B y J e f f S m i t h
JUST AS THE knee bone is connected to the thighbone, so too is Sonoita connected to Tucson, and sleepy Santa Cruz County to Pima, Maricopa, all of Arizona and indeed, the rest of the world...although for purposes of this week's lecture we're only concerned with the signatories to the North American Free Trade Agreement.
We have delivered ourselves of some Chicken Littlish warnings in this space, regarding the impending dangers of unsafe, uninsured and to some extent untutored Mexican trucks and drivers traveling the highways of Arizona and the other border states, under the first relaxation of regulations as part of NAFTA. The carnage I predicted would attend upon the opening of the international border to Mexican trucking did not take place.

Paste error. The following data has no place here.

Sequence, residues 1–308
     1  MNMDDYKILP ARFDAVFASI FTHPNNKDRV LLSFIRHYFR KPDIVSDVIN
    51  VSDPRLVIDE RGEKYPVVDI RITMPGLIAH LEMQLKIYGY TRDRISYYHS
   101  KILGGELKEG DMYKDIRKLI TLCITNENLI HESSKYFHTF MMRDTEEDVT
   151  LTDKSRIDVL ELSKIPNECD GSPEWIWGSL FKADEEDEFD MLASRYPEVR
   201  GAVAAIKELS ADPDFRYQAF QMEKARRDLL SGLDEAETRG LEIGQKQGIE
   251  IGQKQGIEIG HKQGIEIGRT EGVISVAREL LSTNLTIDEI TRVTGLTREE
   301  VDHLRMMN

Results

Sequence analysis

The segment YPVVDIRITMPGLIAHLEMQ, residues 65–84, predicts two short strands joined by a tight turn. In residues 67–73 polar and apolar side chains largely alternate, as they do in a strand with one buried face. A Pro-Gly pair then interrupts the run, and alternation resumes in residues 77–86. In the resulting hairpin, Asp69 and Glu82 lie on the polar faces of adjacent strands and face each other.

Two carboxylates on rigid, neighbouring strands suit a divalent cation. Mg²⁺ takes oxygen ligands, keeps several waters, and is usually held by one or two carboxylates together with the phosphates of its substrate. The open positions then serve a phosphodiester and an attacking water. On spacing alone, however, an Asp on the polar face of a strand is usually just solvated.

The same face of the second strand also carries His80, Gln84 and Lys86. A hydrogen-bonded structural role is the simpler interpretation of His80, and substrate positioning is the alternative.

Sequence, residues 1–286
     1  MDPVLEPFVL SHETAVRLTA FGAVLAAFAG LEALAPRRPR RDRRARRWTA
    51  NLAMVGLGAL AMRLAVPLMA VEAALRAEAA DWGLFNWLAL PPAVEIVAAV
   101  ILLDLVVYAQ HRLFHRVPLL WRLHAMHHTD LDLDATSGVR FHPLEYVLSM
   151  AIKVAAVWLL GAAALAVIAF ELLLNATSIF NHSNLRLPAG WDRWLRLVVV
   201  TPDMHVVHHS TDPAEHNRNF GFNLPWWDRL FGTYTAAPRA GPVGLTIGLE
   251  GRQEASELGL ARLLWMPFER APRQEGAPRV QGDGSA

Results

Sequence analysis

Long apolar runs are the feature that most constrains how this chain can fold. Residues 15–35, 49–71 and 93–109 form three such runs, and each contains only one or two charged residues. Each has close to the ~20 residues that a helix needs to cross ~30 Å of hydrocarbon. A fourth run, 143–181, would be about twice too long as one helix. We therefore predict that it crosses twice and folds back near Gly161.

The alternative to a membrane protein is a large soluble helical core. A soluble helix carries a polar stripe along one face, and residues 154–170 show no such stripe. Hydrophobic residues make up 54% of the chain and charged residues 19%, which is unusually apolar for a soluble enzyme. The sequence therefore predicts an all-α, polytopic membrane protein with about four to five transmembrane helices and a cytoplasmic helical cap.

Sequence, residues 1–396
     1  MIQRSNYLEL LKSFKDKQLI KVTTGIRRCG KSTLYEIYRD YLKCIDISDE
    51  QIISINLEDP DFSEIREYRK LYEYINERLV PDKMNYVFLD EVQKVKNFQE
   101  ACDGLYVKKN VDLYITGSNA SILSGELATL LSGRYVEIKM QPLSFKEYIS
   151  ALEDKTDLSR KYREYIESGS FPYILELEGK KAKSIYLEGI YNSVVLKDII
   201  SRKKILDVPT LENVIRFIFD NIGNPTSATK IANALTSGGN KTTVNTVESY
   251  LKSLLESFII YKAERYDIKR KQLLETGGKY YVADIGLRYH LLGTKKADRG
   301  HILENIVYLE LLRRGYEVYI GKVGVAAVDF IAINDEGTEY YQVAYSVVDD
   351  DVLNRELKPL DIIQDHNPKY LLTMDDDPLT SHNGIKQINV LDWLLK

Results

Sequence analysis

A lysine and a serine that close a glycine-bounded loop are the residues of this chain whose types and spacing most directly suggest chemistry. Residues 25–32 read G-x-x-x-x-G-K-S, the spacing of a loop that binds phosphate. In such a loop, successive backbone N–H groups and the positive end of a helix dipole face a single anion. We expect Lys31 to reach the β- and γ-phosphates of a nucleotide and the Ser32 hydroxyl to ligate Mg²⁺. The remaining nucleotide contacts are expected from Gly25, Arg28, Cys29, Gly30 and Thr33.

Because U.S. Transportation Secretary Federico Pena unilaterally postponed opening the border, in apparent direct defiance of the treaty. Despite the assurances Pena made in his visit to Nogales a few weeks previous--that everything was hunky-dory--the Secretary responded to 11th-hour protests by the Arizona Legislature, various citizen groups, the Teamsters Union and even the Mexican trucking industry.
All he could really do was say "time out," and hope for a miracle. Which is what he did.
All the State of Arizona could do is send its recently trained--but still undermanned--platoon of safety inspectors to the border to borrow a little work-space from the feds and check as many Mexican trucks as possible as they crossed the line. Mexican trucks have long been permitted to make deliveries within 25 miles of the border, and these are the trucks being checked. What was to have taken place as of December 18 was the unrestricted traffic of Mexican trucks throughout the four border states--Arizona, California, New Mexico and Texas. Pena's order has postponed that--though for how long?